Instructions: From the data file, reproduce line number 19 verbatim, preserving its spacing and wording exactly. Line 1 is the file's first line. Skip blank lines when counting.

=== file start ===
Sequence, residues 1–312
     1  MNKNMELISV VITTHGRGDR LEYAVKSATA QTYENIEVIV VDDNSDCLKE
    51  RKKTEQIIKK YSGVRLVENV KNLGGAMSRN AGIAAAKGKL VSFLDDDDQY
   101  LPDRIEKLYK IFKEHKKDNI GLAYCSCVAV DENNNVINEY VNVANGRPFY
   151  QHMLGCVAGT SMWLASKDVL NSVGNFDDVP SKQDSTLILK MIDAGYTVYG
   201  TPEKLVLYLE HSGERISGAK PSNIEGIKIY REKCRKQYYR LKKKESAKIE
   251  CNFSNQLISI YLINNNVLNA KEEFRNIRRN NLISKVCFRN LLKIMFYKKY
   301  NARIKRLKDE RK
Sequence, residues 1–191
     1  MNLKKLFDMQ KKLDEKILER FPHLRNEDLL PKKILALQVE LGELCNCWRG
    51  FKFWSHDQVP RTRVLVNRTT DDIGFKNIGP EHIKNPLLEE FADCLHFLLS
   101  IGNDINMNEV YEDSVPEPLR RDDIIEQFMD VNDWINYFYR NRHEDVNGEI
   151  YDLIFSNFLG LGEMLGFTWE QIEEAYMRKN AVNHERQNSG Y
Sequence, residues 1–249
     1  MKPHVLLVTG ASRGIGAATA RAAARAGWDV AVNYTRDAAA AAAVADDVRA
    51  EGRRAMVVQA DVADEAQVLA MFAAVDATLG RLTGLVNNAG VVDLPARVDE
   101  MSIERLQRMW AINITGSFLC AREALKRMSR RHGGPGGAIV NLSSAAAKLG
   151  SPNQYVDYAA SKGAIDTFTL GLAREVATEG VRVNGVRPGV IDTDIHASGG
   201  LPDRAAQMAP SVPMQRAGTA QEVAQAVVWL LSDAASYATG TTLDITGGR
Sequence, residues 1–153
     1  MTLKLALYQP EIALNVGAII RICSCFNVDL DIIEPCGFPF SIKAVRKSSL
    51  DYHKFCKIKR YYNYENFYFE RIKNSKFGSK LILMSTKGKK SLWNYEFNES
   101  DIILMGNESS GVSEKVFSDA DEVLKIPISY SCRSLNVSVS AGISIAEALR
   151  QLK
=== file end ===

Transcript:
   201  LPDRAAQMAP SVPMQRAGTA QEVAQAVVWL LSDAASYATG TTLDITGGR